Proposed Regulations provide guidance concerning Treasury’s interpretation of a Code section. * * * Taxpayers may rely on a Proposed Regulation, although they are not required to do so. Examiners, however, should follow Proposed Regulations, unless the Proposed Regulation is in conflict with an existing final or temporary regulation.

See I.R.M. 4.10.7.2.3.3 (01-01-06). Emphasis added.

IRS says . . . examiners should use Proposed Regulations

But what is that alarming sentence from the Internal Revenue Manual? Just after the IRS says that taxpayers need not follow Proposed Regulations, the Internal Revenue Manual says:

Examiners, however, should follow Proposed Regulations, unless the Proposed Regulation is in conflict with an existing final or temporary regulation.

See I.R.M. 4.10.7.2.3.3 (01-01-06). Emphasis added. In the next section of the Internal Revenue Manual, the position is softened a bit:

When no temporary or final regulations have been issued, examiners may use a Proposed Regulation to support a position. Indicate that the Proposed Regulation is the best interpretation of the Code section available.

I.R.M. 4.10.7.2.3.4 (01-01-2006). Emphasis added. Examiners “should” follow Proposed Regulations. Examiners “may” use a Proposed Regulation to support a position. Let me translate this into English. Here is what the IRS just told you:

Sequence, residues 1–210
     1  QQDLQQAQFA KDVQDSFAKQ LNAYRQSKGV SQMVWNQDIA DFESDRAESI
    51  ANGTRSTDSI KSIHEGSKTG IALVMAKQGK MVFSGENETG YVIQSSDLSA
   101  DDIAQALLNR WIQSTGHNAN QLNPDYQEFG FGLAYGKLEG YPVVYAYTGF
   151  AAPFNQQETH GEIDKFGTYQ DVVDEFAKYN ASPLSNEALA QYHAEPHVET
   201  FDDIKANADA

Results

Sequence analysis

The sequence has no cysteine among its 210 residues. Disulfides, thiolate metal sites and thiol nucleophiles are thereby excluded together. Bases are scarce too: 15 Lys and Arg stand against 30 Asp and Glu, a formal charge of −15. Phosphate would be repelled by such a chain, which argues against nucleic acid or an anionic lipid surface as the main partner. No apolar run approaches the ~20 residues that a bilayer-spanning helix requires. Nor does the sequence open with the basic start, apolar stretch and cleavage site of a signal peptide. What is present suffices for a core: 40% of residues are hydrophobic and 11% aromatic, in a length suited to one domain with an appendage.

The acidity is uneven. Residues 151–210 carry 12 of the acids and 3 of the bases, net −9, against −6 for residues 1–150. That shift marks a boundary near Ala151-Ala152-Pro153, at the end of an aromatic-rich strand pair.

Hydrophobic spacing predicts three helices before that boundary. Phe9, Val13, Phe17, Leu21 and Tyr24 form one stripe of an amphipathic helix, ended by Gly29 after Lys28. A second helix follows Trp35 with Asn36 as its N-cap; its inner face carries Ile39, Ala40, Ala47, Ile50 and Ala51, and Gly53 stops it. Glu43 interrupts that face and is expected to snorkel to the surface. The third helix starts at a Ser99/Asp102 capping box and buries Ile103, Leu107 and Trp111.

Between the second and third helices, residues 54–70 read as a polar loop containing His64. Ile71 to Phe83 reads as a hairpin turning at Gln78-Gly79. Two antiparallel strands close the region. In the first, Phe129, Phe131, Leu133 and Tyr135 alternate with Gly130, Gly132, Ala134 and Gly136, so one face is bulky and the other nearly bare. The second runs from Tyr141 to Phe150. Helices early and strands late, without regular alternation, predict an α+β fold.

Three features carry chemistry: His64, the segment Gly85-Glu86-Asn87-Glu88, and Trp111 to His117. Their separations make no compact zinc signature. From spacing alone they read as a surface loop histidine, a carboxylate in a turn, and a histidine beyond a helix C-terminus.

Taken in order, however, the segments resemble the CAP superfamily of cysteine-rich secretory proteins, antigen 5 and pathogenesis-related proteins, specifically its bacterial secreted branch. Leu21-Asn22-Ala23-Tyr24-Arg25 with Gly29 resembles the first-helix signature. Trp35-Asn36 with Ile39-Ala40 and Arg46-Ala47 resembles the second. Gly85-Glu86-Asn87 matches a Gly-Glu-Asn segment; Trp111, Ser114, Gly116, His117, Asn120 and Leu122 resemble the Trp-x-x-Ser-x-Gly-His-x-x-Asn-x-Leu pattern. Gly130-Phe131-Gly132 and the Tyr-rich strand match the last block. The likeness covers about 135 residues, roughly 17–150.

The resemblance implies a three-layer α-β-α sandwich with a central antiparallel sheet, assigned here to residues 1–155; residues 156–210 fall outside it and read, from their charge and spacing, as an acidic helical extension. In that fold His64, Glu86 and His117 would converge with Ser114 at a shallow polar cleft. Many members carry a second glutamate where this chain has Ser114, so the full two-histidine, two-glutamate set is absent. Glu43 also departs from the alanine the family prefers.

“Proposed Regulations have no legal power. We know that. You, taxpayer, don’t have to follow them. But we will enforce them if we feel like it.”

AICPA comment from 1992

It is a known problem. When the Proposed Regulations were published in 1992, the AICPA chimed in with comments and suggestions. Here is what they said about the problem discussed in this week’s Friday Edition:

CHANGE OF U.S. RESIDENCE OR CITIZENSHIP. Under the Proposed Regulations, if a shareholder of section 1291 fund becomes a nonresident alien, that shareholder is treated as having disposed of its stock in such a section 1291 fund on the last day the shareholder is a U.S. person. Further, where a nonresident alien individual and that individual’s spouse have made an election under section 6013(g) to treat the nonresident alien as a resident of the U.S., termination of that election is treated as a change of residence of the electing spouse who was resident solely by reason of the election. We believe this rule is too broad in that it operates to impose tax on the full appreciation of shares in a section 1291 fund, much of which may have occurred prior to commencement of a resident alien taxpayer’s U.S. residency. The Proposed Regulation also causes taxable income when there has not yet been a realization event with respect to the shares. This result is beyond the intended scope of the PFIC rules and beyond the specific regulatory authority of section 1291(f) and section 1297(b)(5). We believe U.S. tax should not be imposed on unrealized appreciation that occurred prior to U.S. residency. The Proposed Regulations should be amended to exclude gain attributable to pre-residency appreciation from the excess distribution regime. Additionally, the shareholder’s holding period for purposes of section 1291 should begin on the day the U.S. person first became a U.S. citizen or resident, to prevent an interest charge being imposed on years during which the shareholder was not a U.S. citizen or resident. Alternatively, the regulations, when finalized, should clearly provide Prop. Reg. section 1.1291-3(b)(2) does not apply to section 1291 fund stock acquired during a pre-residency period prior to the effective date of the final regulations.

Table of Contents: Stealth Exit Tax — PFICs